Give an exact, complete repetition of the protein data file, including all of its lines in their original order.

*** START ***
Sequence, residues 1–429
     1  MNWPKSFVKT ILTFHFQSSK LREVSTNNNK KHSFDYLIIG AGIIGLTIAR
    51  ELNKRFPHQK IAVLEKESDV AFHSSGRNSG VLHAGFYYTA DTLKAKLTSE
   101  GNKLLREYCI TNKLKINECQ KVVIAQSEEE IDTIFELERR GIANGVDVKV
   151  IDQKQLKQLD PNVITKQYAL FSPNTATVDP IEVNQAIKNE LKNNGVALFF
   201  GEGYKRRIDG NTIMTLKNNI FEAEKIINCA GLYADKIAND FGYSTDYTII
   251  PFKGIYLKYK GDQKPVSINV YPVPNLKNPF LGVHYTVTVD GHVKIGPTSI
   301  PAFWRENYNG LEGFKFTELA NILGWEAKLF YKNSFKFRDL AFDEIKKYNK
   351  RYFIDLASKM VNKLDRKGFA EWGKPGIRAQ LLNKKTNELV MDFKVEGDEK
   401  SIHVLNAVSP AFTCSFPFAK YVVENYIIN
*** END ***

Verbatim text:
Sequence, residues 1–429
     1  MNWPKSFVKT ILTFHFQSSK LREVSTNNNK KHSFDYLIIG AGIIGLTIAR
    51  ELNKRFPHQK IAVLEKESDV AFHSSGRNSG VLHAGFYYTA DTLKAKLTSE
   101  GNKLLREYCI TNKLKINECQ KVVIAQSEEE IDTIFELERR GIANGVDVKV
   151  IDQKQLKQLD PNVITKQYAL FSPNTATVDP IEVNQAIKNE LKNNGVALFF
   201  GEGYKRRIDG NTIMTLKNNI FEAEKIINCA GLYADKIAND FGYSTDYTII
   251  PFKGIYLKYK GDQKPVSINV YPVPNLKNPF LGVHYTVTVD GHVKIGPTSI
   301  PAFWRENYNG LEGFKFTELA NILGWEAKLF YKNSFKFRDL AFDEIKKYNK
   351  RYFIDLASKM VNKLDRKGFA EWGKPGIRAQ LLNKKTNELV MDFKVEGDEK
   401  SIHVLNAVSP AFTCSFPFAK YVVENYIIN